Ofcom has published its findings following an investigation into Piers Morgan's criticism of Meghan Markle following her and Prince Harry's Oprah Winfrey Interview.
Ofcom has ruled that Piers’ comments about Meghan Markle were ‘freedom of expression’ and as a result, Good Morning Britain was ‘not in breach’ of the broadcasting code.
The broadcasting standards regulator carried out an investigation earlier this year after receiving 57,000 complaints from viewers who took offence to the TV presenter’s words during a discussion on the ITV daytime show, following Prince Harry and Meghan Markle’s Oprah Winfrey interview.
At the time, Piers made clear that he didn’t “believe a word” Meghan said during the bombshell interview.
During the tell-all chat, the Duchess of Sussex opened up about her mental health struggles during her time in the royal spotlight and claimed that an unnamed member of the royal family made a comment about the colour of Archie’s skin, before he was born.
Speaking about Meghan opening up on her suicidal feelings and reporting that she was not given help after reaching out to The Firm,Piers said on Good Morning Britain, “Who did you go to? What did they say to you? I’m sorry, I don’t believe a word she said, Meghan Markle.”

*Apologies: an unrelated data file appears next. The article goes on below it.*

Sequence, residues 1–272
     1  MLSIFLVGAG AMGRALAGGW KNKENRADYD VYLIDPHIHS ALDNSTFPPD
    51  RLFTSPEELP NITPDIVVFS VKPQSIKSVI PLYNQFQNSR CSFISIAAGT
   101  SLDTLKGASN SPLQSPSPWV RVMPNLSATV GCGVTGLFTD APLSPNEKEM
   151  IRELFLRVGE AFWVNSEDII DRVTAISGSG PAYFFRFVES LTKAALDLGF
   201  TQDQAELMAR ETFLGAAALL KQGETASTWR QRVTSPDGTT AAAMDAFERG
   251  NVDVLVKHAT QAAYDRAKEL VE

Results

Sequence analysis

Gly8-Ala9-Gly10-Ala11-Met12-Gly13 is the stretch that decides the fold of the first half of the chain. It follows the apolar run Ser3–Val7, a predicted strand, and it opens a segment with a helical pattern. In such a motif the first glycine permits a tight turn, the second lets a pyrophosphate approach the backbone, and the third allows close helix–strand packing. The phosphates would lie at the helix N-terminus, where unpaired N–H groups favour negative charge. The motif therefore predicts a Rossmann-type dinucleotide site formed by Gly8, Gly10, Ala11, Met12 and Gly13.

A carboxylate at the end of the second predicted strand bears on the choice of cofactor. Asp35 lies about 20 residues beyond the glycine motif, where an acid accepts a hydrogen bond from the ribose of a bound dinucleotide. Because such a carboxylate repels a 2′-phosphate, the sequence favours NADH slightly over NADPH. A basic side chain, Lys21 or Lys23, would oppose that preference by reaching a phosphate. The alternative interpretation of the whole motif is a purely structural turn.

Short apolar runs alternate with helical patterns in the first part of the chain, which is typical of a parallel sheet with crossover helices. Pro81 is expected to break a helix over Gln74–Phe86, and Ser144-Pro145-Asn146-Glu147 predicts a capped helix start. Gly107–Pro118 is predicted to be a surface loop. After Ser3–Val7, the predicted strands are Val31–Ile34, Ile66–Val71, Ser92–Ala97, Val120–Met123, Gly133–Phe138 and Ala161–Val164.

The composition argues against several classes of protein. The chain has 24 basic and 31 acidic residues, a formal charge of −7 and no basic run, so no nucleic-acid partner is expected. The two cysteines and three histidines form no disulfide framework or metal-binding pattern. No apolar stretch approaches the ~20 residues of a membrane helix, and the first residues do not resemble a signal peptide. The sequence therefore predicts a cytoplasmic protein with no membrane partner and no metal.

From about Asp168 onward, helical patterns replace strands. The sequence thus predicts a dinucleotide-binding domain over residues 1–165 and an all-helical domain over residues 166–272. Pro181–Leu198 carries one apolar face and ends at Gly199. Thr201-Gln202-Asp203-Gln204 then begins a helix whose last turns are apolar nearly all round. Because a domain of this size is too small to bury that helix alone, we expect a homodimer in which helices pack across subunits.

Piers continued, “I wouldn’t believe it if she read me a weather report,” adding, “The fact that she’s fired up this onslaught against our Royal Family I think is contemptible.”
Piers later clashed with GMB weather presenter Alex Beresford before walking off the programme and officially quitting. And six months later, Piers Morgan has announced a major career move.
The Ofcom concluding statement following its investigation, reads, “Consistent with freedom of expression, Mr Morgan was entitled to say he disbelieved the Duke and Duchess of Sussex’s allegations and to hold and express strong views that rigorously challenged their account.
It continued, “The [broadcasting] code allows for individuals to express strongly held and robustly argued views, including those that are potentially harmful or highly offensive, and for broadcasters to include these in their programming.
“The restriction of such views would, in our view, be an unwarranted and chilling restriction on freedom of expression both of the broadcaster and the audience,” Ofcom added.
Piers, who has been enjoying a family holiday in Antigua, tweeted his joy at the verdict.
He said, ‘I’m delighted OFCOM has endorsed my right to disbelieve the Duke & Duchess of Sussex’s incendiary claims to Oprah Winfrey, many of which have proven to be untrue. This is a resounding victory for free speech and a resounding defeat for Princess Pinocchios. Do I get my job back?’ As he shared a snap of him sat beside Susanna Reid hosting the programme.